Young Adults in Court: Developing a Tailored Approach
"The Transition to Adulthood (T2A) Alliance, a coalition of criminal justice, health and youth organisations, has helped to establish a growing consensus that criminal justice system responses to the behaviour of young adults should reflect their variable developmental maturity and make allowances for their specific age-related needs. This consensus is underpinned by research on brain development in young adulthood suggesting that impulse control, reasoning, and decision-making capacities are in formation through the mid-20s.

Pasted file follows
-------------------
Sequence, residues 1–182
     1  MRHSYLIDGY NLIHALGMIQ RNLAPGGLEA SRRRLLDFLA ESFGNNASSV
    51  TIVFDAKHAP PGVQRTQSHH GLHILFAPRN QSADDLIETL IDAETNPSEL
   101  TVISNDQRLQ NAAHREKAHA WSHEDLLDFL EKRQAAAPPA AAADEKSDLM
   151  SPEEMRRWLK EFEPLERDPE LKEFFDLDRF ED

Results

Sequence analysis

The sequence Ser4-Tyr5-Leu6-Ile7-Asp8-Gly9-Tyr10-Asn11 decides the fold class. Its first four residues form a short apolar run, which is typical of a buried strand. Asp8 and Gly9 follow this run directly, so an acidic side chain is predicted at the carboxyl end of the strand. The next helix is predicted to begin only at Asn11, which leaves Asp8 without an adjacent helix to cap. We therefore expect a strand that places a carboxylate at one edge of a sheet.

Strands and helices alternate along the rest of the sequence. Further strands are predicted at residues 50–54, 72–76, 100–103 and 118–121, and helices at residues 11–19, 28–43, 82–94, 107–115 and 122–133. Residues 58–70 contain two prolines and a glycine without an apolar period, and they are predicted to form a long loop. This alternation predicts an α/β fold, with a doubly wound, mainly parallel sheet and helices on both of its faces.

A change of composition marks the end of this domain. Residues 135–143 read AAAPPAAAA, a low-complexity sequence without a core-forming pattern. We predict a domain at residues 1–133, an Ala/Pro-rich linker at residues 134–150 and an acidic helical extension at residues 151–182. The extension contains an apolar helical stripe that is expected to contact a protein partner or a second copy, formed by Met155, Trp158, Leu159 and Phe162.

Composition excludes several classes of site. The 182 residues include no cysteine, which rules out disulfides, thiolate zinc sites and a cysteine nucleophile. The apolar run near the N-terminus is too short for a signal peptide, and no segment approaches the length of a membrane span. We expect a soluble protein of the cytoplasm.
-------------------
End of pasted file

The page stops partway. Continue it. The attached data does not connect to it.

Aspects of justice system practice in England and Wales have adjusted in recognition of this evidence. Adult sentencing decisions have, since 2011, included maturity as a mitigating factor. From 2013, the Crown Prosecution Service began taking maturity into account as part of its public interest test. However, the allocation of people within the court system continues to be driven purely by the chronological age of the defendant. The separation into youth and adult courts was established with the Children Act 1908, recognising that children and young people needed to be treated differently from adults. We now know that young adults are a developmentally distinct population. A chronological split between jurisdictions based on Edwardian evidence no longer reflects contemporary understanding of the evidence base."